VYPE 411: Get to know Aldine High's new head coach Cirilo Ojeda
You can officially consider Aldine football "under construction".
The lead contractor for the rebuild of Mustang football, Cirilo Ojeda, is ready to get to work on the northside of Houston after being officially named the 12th head coach of Aldine football on Thursday of last week.
Ojeda comes from Sharpstown where he helped guide the Apollos to snapping a 21-game losing streak and this past year going 3-7 overall with the program.
VYPE caught up with Ojeda for a Q&A to get to know the new Mustangs’ head man a little better.
VYPE: What attracted you to the Aldine High job?
Ojeda: I worked at Aldine Eisenhower, so I’ve seen how the district is run and how things are done. I think it’s a good opportunity for me to change the culture at Aldine senior into a program that’s competitive.
VYPE: Aldine is kind of where Sharpstown was when you took over, do you see similarities?
Ojeda: I did see a lot of parallels. I talked to Coach Thompson about that and the things we were able to do at Sharpstown with the situation it was in and being able to turn things around and slowly start to climb to be more successful. It’s very hard for kids when they haven’t won a high school football game their entire career. Being able to do that meant a lot to the kids.
VYPE: How do you go about changing a culture?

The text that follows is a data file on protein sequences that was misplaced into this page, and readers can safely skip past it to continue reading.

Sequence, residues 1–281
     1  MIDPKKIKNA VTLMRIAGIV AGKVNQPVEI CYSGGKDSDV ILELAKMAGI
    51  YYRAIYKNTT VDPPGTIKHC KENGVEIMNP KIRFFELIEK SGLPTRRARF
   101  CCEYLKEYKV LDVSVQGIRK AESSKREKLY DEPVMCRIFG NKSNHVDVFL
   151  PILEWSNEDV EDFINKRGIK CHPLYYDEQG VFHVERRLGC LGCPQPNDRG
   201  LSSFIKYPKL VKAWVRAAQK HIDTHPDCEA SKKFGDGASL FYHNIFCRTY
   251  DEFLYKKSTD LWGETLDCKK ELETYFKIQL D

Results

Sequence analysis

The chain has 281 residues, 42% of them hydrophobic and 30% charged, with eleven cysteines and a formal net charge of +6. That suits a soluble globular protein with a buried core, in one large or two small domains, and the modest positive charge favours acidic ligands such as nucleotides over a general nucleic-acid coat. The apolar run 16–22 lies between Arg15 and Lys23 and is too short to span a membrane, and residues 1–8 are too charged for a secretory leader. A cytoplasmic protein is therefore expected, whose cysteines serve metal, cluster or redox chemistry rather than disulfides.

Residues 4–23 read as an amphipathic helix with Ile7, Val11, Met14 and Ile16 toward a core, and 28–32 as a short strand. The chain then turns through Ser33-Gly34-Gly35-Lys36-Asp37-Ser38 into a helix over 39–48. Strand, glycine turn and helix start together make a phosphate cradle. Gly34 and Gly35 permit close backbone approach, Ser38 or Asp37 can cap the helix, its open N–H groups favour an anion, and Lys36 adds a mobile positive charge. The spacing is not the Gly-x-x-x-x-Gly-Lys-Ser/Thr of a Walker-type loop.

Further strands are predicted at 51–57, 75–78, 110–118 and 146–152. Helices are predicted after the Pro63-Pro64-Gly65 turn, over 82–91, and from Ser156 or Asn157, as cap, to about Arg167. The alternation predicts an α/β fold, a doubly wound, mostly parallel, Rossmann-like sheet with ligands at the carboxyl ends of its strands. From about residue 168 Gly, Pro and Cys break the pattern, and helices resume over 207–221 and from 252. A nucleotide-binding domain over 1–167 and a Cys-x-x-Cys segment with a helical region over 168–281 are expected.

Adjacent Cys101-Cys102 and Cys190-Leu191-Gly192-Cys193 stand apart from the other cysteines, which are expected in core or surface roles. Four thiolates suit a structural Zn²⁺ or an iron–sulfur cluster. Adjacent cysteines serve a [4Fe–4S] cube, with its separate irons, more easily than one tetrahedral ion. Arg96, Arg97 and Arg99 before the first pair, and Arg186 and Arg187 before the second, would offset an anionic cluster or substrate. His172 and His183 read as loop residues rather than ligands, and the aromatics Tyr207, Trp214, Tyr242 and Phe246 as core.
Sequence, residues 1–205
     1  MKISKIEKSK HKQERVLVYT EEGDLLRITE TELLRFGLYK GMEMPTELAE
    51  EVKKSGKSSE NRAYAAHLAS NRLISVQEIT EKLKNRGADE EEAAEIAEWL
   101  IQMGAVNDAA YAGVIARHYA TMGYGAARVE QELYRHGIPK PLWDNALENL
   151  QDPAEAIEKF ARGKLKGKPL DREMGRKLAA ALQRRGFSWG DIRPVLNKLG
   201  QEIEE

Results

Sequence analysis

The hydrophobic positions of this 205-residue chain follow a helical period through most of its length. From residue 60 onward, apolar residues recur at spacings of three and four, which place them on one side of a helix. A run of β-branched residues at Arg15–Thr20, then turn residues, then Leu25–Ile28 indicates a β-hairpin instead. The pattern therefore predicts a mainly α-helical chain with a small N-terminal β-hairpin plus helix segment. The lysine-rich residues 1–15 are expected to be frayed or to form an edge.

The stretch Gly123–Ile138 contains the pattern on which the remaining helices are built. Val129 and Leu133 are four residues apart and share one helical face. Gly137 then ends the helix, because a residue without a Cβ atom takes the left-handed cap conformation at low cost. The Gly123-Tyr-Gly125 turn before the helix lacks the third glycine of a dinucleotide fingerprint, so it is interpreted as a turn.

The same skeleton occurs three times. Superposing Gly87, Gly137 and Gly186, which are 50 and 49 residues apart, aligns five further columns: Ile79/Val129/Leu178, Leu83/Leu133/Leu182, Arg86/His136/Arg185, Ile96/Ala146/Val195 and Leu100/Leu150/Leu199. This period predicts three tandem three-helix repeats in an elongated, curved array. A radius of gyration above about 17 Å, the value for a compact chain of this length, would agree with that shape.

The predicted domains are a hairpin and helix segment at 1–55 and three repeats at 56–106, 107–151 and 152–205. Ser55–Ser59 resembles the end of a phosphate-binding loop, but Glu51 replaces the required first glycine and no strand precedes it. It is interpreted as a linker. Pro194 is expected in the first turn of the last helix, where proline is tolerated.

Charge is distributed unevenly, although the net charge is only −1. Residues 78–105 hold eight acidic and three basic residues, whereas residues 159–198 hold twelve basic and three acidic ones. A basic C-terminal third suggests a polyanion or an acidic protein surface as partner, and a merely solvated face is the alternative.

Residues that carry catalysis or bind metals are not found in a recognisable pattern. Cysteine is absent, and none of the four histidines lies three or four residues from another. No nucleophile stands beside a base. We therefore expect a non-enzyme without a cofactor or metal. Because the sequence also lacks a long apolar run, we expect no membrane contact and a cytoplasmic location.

Ojeda: All we talk about is us. All we talk about is what we can do and what we can control. We don’t worry about what anyone else has or does. What we see other people doing especially on social media. The number one thing is being under construction, locking everything down and focusing on us. When we focus on us, we’re going to see what can happen. Walking into Sharpstown there were eight kids in the program, and we built it to 30 for that first season. That’s all we kept doing was grow. It was about growing the program and the numbers.
VYPE: Sharpstown was your first head coaching job. What did you learn about yourself in those two seasons?
Ojeda: The one thing that I found for myself was the accountability of being the final decision-maker on everything. Also, guiding the program and being the person that creates the path for everything that we do. I learned that you must be a solution-finder. You can’t just look at what the situation is and be OK or complacent with it. You must go out there and find solutions to make everything better.
VYPE: Aldine was a power in North Houston in the 80s, including winning a state championship in 1990. Is it the goal to return this program back to the glory days?
Ojeda: That’s definitely the goal. In order to move forward with anything, you have to know your past before you can know where you’re going to go in the future. That’s the plan, it’s going to take a lot of groundwork. Being in the community and building the trust in the community … That’ll be the first initiative that I have is building the numbers and establishing a report with the community.
VYPE: You also will be the Athletic Coordinator helping oversee the other programs, how excited are you for that new role?
Ojeda: I think it’s just the perfect timing for that. I’ve been coaching for 17 years and building my leadership abilities and leading by example. Now, I have the opportunity to share the things I know with other head coaches and talk about the way I’ve been able to create positive change and show growth in every program that I’ve been a part of. Being able to share that with them and hearing what talents they have and seeing where they are in their career and helping fill in any gaps to help the be successful. Because I really believe in shared leadership, allowing people to do their job and providing the support for them to do it.